Kettie and I crouched beneath the print-shop counter until all the men were gone.
The shop-cat joined us.
“What mean you by this insolencie?” he arrkst, bristling.
We kept our looks peaceable.
Kettie sayt, “I could make the page for the dedication.”
“Can you read?” I arrkst.
“No,” sayt he. “But the dedication’s not writ. You sayt ’twas in your head.”
That were a lie on my part, but I arrkst, “How can you make a page when you don’t know your letters?”
“I know where the little types are lodged,” sayt he. “And their names. Are they not letters? You name which you want and I’ll hook them out for you.”
“How will that make a page?” I arrkst.
“The types are set in sticks, you clown,” sayt the shop-cat.
“I believe I can do that too,” sayt Kettie.
The shop-cat turned fearful. He swore that none was permit to paw the types save they whose work it was. “And look to the door of the print chamber,” sayt he. “Shut fast.”
“I am a Turk,” cried Kettie. “I’ll not be defeated by a mere door.”
The latch was high, but I never before saw a cat leap so well and to such purpose.
He sprang twice before he caught the latch and hung from it. The door swung wide. Kettie swung with it.
“No!” cried the shop-cat. Too late. Kettie was in. I ran after him.
Kettie sayt, “Yonder by the window are the cases where the types lie.”
Kettie ran across the room, leapt onto a stool, and plucked off the cloth cast over the cases.
“Oh, harm nowt,” cried the shop-cat. “Else I am dead.”
“I shall go up a case,” sayt Kettie. “The better to balance me.”
He rose on his legs, stood against the case, and unsheathed his claws.
“Pick out a T. And an O,” sayt I, clean carried away.
He did, and dropped them to the floor.
I bethought me of how I might name my uncle. Gib? Bevis? The Earl of Southampton’s Cat?
No. That were not suttle.
“Next word,” sayt I. “T-H-E.”
“Keep the types orderly as I drop them,” sayt Kettie. “For the sticks.”
And a stick nigh struck my head.
“I’ll set the types,” sayt the shop-cat, bestirring hisself of a sudden. “Else you’ll be at it come dawn.”
“The words must be separate,” sayt I.
“Use these to keep them apart,” sayt Kettie to the shop-cat, and dropped more types.
“Onlie,” sayt I to Kettie. “O-N-L-I- E.”
“Next?” he arrkst.
“Begetter,” sayt I. They stared at me.
“Being maggot-brained is nowt to boast of,” sayt the shop-cat.
I let that pass. I sayt, “Snakes-Purr thieved my uncle’s verses to beget more. The onlie begetter of the sonnets is my uncle.”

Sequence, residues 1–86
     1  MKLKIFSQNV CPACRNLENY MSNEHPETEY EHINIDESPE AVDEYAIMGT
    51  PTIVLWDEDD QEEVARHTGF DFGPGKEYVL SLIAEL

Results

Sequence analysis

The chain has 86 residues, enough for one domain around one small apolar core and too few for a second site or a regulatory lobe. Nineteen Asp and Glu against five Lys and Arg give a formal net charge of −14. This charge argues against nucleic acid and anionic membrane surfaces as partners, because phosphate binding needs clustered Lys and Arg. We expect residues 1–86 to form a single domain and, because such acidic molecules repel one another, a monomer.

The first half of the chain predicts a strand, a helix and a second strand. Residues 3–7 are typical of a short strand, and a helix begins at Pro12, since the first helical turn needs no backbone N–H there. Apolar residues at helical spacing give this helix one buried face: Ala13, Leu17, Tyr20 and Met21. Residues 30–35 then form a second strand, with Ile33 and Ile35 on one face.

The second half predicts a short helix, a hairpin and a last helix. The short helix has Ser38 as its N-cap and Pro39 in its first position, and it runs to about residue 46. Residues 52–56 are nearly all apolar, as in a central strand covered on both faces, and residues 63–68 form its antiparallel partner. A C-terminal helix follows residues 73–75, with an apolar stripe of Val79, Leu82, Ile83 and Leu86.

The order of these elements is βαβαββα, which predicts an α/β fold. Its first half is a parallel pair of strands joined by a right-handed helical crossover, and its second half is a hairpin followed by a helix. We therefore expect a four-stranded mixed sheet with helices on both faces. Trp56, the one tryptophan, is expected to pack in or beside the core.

“Or his maggot,” sayt the shop-cat.
“No maggot, no matter,” sayt Kettie. “Spell me Maggot.”
“I will not set it,” sayt the shop-cat. “Who’ll buy a book dedicate to a maggot?”
“B,” I began, “then E…”
When that was done Kettie sayt, “Who gives this dedication? Snakes-Purr?”
“Us,” sayt I. “Three honest cats.”
Kettie and the shop-cat wanted no part in it.
Kettie arrkst, “What do your Earl call you?”
That set me about. Greediguts or Pie-Face would not look well.
I sayt, “In the Tower all called me Mr Wrissole’s Harry. Here’s a word. M-R.”
I paused. I never could write Wrissole [Wriothesley] as my lord did. And to use my prison name were perilous.
“W for Wrissole and H for Harry will serve,” I sayt. “Now I wish to praise the venturesome fellow who, in setting forth these verses, will make the villainy of Snakes-Purr known to all.“
“Be brief,” sayt Kettie.
I spelled out, “Mr W H wisheth the well-wishing adventurer in setting forth all happiness and that eternitie promised by our ever-living poet.”
“Is your uncle yet living?” arrkst the shop-cat, busy with the sticks.
“No,” sayt I, “Ever-living means never to be forgot.”
“That’s fool,” sayt he.
“Poetick,” sayt I.
We left all fair, and concealed ourselves beneath the counter to wait for morn.
True, the door to the print-room was open. The cloth that had covered the types lay on the floor with the sticks ranged upon it.
But the shop-cat was content. “None will blame me,” he sayt. “They will think fairies have been at work.”
For over 200 years there’s been scholarly speculation about who Mr W.H was, who might be “the onlie begetter”, and whether they were one and the same.
No wonder, considering the dedication was hastily dictated by one cat, and type-set by two. We know what Harry (Mr W.H) wanted. Here’s what he got, in “up a case”.
Did the shop-cat arrange the sticks of type wrongly? Did the printers add publisher Thomas Thorpe’s initials for the sake of their own credibility?
We don’t know.
Has anyone ever hinted at the possibility of feline involvement?
Well, over the early months of 1987 there was a hot debate in the Letters section of the London Review of Books. Barbara Everett, academic and literary critic, had suggested that Mr W.H. might be Shakespeare’s brother-in-law, William Hathaway. And that he and Mrs Shakespeare were behind the sonnets’ publication.
The author and journalist A.N. Wilson disagreed, but eventually declared, “By all means let her [Barbara Everett] believe that they [the sonnets] were addressed to Mrs Shakespeare, to the Earl of Southampton’s cat, to anyone she likes.”
He got close. We now know that the sonnets weren’t addressed to the Earl of Southampton’s cat, but were dedicated to him. Or his maggot.
What a Happy New Year!